EuromoneyFXNews talks to Deutsche’s Zar Amrolia
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Foreign Exchange

EuromoneyFXNews talks to Deutsche’s Zar Amrolia

With electronic trading more important than ever, Zar Amrolia, Deutsche Bank’s global head of foreign exchange, says that investment in people and technology will keep the bank in the driving seat with Autobahn. He discusses the relative merits of single-dealer and multi-dealer platforms as Euromoney’s 2011 FX survey goes live.

Can single-dealer and multi-dealer platforms happily co-exist? Client behaviour has demonstrated that there is room for both SDPs and MDPs in the foreign exchange markets. The combination of SDPs and MDPs has consistently driven innovation in the marketplace and serviced the multitude of functional requirements across the various client sectors.

What does a SDP offer that a MDP might not?


SDP should generally be more feature/functionality rich, have greater breadth of products, more liquidity and greater price precision than a MDP. That’s because a SDP can typically focus investment in a more targeted fashion than a MDP, given there are fewer stakeholders.

That focussed investment should result in a platform that accurately aligns the capabilities of the platform provider to that of the platform’s target clients.

In the case of Autobahn, the SDP delivers many compelling advantages over MDPs. These include: Zero brokerage cost for either side of the trade; execution management services such as inside fill and ATOM that allow our clients to interact with all the trading desks of Deutsche Bank to reduce spread cost; seamless introduction of new products; cross-product execution capabilities; and access to the full suite of Deutsche Bank’s pre- and post-trade analytics and research through the Autobahn toolbar.

Are there services that a MDP can provide that a SDP can’t deliver?

There are certain subsets of our clients who want to use MDPs, and there are elements of functionality that MDPs are better positioned to meet their needs than SDPs – specifically in meeting certain fiduciary responsibilities and elements of client workflow. To facilitate such client needs, we actively support MDPs by providing competitive liquidity and pricing.

Proving best execution is becoming an important requirement for your clients, and MDPs can deliver that, for the cost of a brokerage fee. Are there any other costs they need to be aware of?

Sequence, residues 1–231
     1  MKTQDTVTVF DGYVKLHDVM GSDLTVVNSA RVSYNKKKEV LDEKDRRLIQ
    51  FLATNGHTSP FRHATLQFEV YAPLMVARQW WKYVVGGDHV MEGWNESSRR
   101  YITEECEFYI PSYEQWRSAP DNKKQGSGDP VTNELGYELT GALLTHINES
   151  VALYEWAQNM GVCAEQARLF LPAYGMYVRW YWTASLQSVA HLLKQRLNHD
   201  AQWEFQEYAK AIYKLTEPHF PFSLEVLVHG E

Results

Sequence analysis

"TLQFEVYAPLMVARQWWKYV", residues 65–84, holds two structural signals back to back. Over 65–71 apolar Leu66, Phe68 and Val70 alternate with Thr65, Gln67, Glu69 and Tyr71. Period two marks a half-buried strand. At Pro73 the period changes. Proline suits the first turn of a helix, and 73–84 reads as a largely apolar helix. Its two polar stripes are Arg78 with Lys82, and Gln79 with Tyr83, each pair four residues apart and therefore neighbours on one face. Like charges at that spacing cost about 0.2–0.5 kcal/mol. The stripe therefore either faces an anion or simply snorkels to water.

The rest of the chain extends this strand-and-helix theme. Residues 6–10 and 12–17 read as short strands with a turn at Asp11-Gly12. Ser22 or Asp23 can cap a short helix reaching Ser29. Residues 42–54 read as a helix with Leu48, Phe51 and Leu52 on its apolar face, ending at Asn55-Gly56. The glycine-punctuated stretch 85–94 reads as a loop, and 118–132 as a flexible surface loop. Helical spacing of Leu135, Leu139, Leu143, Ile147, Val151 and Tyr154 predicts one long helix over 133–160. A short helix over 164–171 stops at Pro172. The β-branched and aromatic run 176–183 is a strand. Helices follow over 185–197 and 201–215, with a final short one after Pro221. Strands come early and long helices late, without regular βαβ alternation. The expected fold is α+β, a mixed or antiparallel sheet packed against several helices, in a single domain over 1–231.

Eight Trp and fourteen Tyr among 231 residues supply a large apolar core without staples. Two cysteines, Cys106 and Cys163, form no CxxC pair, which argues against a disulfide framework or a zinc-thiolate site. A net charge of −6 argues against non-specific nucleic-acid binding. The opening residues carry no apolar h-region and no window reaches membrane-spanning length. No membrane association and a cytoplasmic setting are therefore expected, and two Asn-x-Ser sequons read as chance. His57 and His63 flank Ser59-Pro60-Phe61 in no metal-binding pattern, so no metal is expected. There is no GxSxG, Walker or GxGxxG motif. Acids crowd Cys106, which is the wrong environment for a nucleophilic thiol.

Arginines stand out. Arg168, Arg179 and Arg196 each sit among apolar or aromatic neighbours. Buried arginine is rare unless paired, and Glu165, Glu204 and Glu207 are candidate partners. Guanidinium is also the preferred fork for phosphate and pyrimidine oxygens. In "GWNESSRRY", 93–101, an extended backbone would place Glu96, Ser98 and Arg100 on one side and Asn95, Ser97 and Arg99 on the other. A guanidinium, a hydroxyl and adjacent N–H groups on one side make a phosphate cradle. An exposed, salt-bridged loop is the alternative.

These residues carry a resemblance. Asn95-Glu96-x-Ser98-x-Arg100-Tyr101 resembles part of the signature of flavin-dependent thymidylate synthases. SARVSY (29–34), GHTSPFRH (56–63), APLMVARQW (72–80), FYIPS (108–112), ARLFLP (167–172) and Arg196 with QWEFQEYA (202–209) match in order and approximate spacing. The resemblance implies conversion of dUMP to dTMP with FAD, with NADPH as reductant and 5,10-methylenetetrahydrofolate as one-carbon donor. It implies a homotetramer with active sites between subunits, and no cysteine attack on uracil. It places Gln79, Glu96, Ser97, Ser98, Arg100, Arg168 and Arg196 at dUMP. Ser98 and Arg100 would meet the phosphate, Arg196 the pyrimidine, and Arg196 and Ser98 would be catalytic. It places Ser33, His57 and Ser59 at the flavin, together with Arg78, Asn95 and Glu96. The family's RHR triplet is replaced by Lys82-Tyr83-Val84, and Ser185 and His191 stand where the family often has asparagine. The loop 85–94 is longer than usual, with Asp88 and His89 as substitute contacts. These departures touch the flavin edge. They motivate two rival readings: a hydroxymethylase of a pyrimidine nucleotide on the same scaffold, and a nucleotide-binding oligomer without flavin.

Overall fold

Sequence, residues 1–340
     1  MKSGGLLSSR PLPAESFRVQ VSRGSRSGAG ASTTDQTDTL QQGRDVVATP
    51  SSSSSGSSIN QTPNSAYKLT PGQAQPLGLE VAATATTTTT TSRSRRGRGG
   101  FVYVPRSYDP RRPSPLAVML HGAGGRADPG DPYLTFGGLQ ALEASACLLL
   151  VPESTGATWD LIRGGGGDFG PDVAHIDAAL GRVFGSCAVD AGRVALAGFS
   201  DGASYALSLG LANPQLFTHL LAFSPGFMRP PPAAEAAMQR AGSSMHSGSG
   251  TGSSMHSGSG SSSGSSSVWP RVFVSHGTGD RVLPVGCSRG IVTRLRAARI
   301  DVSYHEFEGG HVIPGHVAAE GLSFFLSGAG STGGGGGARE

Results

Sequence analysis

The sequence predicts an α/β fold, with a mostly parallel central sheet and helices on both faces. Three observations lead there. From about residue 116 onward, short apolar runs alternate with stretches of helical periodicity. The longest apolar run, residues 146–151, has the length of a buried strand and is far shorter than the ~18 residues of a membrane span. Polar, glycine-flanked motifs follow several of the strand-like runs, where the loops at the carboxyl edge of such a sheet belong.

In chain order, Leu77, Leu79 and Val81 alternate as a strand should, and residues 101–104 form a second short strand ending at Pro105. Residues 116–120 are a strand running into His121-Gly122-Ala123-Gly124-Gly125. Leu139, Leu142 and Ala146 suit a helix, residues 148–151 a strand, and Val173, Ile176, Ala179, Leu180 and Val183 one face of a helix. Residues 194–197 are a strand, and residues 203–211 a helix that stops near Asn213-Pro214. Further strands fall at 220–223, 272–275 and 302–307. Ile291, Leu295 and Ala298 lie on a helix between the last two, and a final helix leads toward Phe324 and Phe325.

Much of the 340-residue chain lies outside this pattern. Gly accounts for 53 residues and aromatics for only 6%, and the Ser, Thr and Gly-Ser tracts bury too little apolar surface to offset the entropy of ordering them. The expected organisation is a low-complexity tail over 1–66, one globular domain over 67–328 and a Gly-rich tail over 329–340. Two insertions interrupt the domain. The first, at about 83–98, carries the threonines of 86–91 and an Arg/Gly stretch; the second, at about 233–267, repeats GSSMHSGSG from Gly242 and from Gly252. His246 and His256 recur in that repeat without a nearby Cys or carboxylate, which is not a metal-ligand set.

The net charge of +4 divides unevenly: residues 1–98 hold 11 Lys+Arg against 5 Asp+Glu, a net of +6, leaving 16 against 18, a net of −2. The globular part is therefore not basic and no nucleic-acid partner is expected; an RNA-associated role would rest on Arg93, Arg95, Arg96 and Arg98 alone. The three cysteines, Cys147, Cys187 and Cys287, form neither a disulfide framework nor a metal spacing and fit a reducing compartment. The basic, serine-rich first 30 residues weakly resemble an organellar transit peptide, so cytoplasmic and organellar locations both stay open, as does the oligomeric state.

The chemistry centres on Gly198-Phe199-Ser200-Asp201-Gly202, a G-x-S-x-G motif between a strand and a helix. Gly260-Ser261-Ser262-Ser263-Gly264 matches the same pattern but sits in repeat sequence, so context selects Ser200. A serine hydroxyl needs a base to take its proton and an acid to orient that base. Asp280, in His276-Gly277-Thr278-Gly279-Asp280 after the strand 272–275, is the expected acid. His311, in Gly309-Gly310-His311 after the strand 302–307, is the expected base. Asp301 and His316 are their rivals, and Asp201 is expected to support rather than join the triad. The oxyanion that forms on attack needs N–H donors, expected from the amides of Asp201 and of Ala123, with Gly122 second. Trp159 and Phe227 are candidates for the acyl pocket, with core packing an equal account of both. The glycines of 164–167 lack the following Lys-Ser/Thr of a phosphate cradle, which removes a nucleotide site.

From a client perspective, there are additional costs associated with the use of MDPs. These costs are not confined to the most obvious case, namely brokerage; there is also a cost in both functionality and pricing precision.

Some MDPs can introduce latency into the price, or limit the number of price updates that reach clients, particularly in volatile market conditions. Some streaming models use technology that effectively makes it impossible to offer the precision and bespoke flexibility of pricing that many clients demand, compared with what we are able to offer on our SDP. This effectively creates an indirect cost to both the end user and to the liquidity provider.

How do you plan to one step ahead in the electronic platform race?

Part of our leadership role in the market is to drive innovation, creating new solutions for our clients; that role requires continuous investment in people and technology. The solutions we devise can manifest themselves in many forms: award-winning cross-asset margining; pre- and post-trade analytics with algo execution strategies; or complete trade repositories with full post-trade amendment capabilities. But irrespective of the nature of the functionality, we will remain committed to investing in solutions that enhance our relationship with our clients.

MDP market share is now one-fifth of total market volume. Isn’t that at the expense of larger dealers such as Deutsche Bank?

We have found no evidence that the volume growth in MDPs resulted from a shift from traditional voice business, or indeed a transfer of business from SDPs. We believe the recent growth in MDP volumes is a function of the overall growth in electronic business and that it has not come at the expense of voice trading. Rather, the growth is due to increased trading activity that is enabled by greater transparency of liquidity and price, ease of electronic execution and improved workflows for clients. To a greater or lesser extent, both SDPs and MDPs have delivered this functionality to the market and have experienced the benefits of increased volumes.

It’s become easier and more efficient to trade for everybody. But how does that benefit a customer where FX is not a minute-by-minute concern?

Clients trade more when they find greater transparency, when trade execution is painless and when trade booking, cash-flow forecasting and post-trade reporting are simplified. Until recently, a portfolio manager trading equities at a real money institution may have passively hedged his or her FX exposure because it was a second-order risk, rather than their primary focus.

The portfolio manager may have been unsure of price, ill-informed regarding liquidity, and then the associated workflows were frequently labour intensive. Greater transparency of liquidity and price, combined with improved pre- and post-trade functionality, means that the portfolio manager can hedge their FX exposures actively and without losing focus on their first-order risk. All of these dynamics result in greater FX trading activity across the board, for both the MDPs and the SDPs.

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